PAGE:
Thursday, August 15, 2013

North of Hope

This one is for you, Deanne. Last night at dinner you asked someone what she'd been reading this summer, but before you got your answer the conversation was diverted off in another direction. So I'll answer the question for you.

Earlier this summer I read North of Hope: A Daughter's Arctic Journey by Shannon Huffman Polson. When I read about Shannon's book in Response, Seattle Pacific University's alumni magazine, I learned that her parents had been killed by a grizzly bear in the Alaska wilderness, and this was her journey to retrace their steps. "The book deftly weaves strands of her journey down the Hulahula River to the campsite where her parents were killed, together with memories of her family, and with memories of rehearsing and performing Mozart's Requiem as a way to mourn their death." (Response)

Why would I want to read a book about such a serious, heart-wrenching experience? I don't know, I just knew I wanted to read it.

Shannon's braiding of the many story lines drew me in from the start. She moved me in and out of the past, the present, Alaska, Seattle, music, books, travel, pain and joy like a canoe on an unpredictable river. Sometimes I had to pull the canoe to shore, to spend a bit of time camped on the river bank, pondering where the river had taken me. Rapids, I knew, could be just around the next bend.

She sometimes spoke of feelings beyond my own experience; she grappled with relationships and meaning  and, of course, deep grief. Sometimes I was with her in her boat. Other times I was above her, looking down from the small plane that dropped her off at the Hulahula River. I watched her pack up her parents' house and sat with her as she finally sang the Requiem. And when at last I finished the book, I could not put it down.

From one of Tim's Alaska camping trips
I talked to Tim, my brother in Anchorage, after reading North of Hope. "I wonder if you knew Richard Huffman," I asked him. "I think he went to your church. He and his wife were killed by a grizzly bear in 2005." "Yes," Tim replied. "I sang in the church choir with him. And I sang a solo at his memorial service."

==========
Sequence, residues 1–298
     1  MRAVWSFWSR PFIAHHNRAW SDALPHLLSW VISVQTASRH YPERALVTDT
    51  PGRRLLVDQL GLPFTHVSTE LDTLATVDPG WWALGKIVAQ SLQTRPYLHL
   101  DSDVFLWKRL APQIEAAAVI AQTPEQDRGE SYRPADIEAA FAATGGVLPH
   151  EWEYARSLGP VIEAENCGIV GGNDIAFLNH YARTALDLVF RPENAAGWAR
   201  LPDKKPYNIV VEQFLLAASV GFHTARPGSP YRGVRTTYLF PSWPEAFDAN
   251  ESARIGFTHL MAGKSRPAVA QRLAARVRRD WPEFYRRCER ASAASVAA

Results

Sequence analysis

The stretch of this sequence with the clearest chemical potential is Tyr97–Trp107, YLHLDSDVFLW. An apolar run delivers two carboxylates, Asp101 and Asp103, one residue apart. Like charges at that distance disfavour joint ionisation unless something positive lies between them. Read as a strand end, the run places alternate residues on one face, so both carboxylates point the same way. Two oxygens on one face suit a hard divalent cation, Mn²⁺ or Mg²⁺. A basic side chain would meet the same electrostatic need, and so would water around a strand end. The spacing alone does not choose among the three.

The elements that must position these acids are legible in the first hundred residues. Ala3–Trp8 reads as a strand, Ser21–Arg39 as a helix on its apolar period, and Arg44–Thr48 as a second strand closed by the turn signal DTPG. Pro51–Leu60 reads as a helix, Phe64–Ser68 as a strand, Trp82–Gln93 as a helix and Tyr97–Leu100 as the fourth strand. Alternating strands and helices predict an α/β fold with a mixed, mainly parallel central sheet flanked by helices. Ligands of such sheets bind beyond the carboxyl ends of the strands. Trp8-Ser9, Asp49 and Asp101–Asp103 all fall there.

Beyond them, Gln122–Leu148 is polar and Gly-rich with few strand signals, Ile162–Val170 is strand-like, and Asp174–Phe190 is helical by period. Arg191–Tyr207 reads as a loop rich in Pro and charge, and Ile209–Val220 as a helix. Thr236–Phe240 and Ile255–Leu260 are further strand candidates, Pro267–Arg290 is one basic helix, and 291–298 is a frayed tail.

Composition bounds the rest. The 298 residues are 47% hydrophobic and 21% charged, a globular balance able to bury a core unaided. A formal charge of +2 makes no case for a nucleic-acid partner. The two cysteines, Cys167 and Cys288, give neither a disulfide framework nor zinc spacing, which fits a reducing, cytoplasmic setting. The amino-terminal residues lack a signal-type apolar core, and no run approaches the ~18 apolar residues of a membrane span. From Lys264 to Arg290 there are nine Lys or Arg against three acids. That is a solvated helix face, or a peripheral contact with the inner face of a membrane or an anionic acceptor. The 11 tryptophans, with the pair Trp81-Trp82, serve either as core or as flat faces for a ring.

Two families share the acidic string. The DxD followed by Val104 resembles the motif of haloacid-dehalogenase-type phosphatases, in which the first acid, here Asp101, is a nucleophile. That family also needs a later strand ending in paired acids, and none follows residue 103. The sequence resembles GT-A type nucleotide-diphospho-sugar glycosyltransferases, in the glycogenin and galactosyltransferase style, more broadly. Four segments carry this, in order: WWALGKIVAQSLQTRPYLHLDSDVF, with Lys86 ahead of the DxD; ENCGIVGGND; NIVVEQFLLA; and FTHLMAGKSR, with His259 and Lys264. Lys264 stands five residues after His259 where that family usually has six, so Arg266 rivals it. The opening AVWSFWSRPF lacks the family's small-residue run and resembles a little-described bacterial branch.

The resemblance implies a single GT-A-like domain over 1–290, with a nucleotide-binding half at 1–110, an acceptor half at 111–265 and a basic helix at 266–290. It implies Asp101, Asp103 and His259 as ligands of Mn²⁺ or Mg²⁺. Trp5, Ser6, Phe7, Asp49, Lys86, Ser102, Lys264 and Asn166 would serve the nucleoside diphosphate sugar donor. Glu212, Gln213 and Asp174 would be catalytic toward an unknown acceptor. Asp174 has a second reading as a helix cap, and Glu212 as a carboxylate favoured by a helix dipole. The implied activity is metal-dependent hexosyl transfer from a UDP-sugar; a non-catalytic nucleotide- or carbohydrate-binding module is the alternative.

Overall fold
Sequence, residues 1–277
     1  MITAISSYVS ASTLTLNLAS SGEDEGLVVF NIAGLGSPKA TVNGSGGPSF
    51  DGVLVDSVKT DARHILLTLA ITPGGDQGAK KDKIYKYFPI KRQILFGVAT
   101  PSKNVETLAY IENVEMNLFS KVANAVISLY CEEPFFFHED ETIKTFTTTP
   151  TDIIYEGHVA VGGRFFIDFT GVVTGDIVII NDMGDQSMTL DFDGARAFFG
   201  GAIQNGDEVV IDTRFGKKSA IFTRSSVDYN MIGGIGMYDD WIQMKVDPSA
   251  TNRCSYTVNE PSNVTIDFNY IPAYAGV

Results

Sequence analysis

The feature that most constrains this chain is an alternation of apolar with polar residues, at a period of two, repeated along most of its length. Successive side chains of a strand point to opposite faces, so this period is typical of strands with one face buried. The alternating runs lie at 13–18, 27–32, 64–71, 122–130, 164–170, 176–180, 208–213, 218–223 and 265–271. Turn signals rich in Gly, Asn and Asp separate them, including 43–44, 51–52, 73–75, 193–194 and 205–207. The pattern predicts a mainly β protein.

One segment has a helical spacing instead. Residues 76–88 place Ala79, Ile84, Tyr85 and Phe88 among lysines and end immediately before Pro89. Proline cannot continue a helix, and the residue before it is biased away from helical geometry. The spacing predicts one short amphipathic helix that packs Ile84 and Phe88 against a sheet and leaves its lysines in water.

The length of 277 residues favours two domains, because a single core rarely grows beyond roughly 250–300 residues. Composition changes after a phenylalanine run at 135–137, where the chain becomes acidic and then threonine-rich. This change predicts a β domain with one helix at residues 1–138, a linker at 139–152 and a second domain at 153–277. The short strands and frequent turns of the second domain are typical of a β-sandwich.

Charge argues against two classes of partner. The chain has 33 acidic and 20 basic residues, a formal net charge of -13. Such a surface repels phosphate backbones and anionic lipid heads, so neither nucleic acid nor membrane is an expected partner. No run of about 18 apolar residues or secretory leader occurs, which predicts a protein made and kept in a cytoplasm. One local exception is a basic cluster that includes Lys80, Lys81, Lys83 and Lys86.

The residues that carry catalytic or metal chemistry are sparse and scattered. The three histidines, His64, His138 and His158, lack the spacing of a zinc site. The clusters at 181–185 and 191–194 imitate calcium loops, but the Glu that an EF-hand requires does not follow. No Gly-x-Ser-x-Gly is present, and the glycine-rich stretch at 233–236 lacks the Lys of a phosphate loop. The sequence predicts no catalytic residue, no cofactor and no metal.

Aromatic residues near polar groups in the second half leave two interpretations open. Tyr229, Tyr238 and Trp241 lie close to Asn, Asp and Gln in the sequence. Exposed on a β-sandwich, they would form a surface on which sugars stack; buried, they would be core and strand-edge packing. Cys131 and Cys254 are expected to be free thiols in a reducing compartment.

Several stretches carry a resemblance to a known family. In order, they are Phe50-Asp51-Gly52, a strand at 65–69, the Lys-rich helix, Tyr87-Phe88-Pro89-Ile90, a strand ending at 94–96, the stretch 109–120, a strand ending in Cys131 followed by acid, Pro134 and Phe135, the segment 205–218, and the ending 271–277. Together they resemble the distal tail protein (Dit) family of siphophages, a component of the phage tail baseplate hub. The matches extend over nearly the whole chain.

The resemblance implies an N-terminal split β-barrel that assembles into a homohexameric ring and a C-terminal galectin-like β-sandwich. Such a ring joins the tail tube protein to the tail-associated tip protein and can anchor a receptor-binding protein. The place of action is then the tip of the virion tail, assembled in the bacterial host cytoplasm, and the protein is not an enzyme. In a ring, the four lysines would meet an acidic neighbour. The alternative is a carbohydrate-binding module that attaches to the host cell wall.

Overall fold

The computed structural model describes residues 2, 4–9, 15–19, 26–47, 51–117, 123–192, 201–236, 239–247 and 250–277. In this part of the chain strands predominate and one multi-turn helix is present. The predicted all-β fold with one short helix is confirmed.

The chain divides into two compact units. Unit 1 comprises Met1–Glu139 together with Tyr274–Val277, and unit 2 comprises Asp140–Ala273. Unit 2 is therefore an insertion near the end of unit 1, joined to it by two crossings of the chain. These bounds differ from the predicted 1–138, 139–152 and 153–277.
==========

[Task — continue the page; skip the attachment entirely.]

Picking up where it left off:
It turns out that at the very same time I was reading Shannon's book, Tim was on a road trip to the Arctic as well, due west of the Hulahula River. His route was much more traveled, taking him to Prudhoe Bay. Still he was in the wilds, and I began to appreciate that the many road trips he has taken during his years in Alaska always put him closer to danger than I had understood before.

North of Hope gave insight into the geography and the history of the Arctic. For example, did you know that, from the air, you can look down on tundra polygons, actual designs in the ice? They are formed "when the freezing earth cracks, contracting from extreme cold." There's more to the description, you'll find it on page 145 when you read the book. I should have kept a file on all the interesting information I gained from the book.

Mostly North of Hope stirred my soul. I know you'd like it, Deanne. Your love of adventure would be greatly satisfied in the reading, as well as your willingness to deal with the deeper issues of life. Let me know what you think of it.

Do you have any recommendations for me?


Unknown said...

Ginger, thank you so much for this thoughtful review. The connections are amazing. And thank you for making ME cry- in a good way!

Sarah Manke said...

I, too, had read the article in the SPU "Response"....and want to read "North of Hope" as well. It was wonderful to read your blog about this, and to learn that Tim had sung at her father's & mother's memorial service.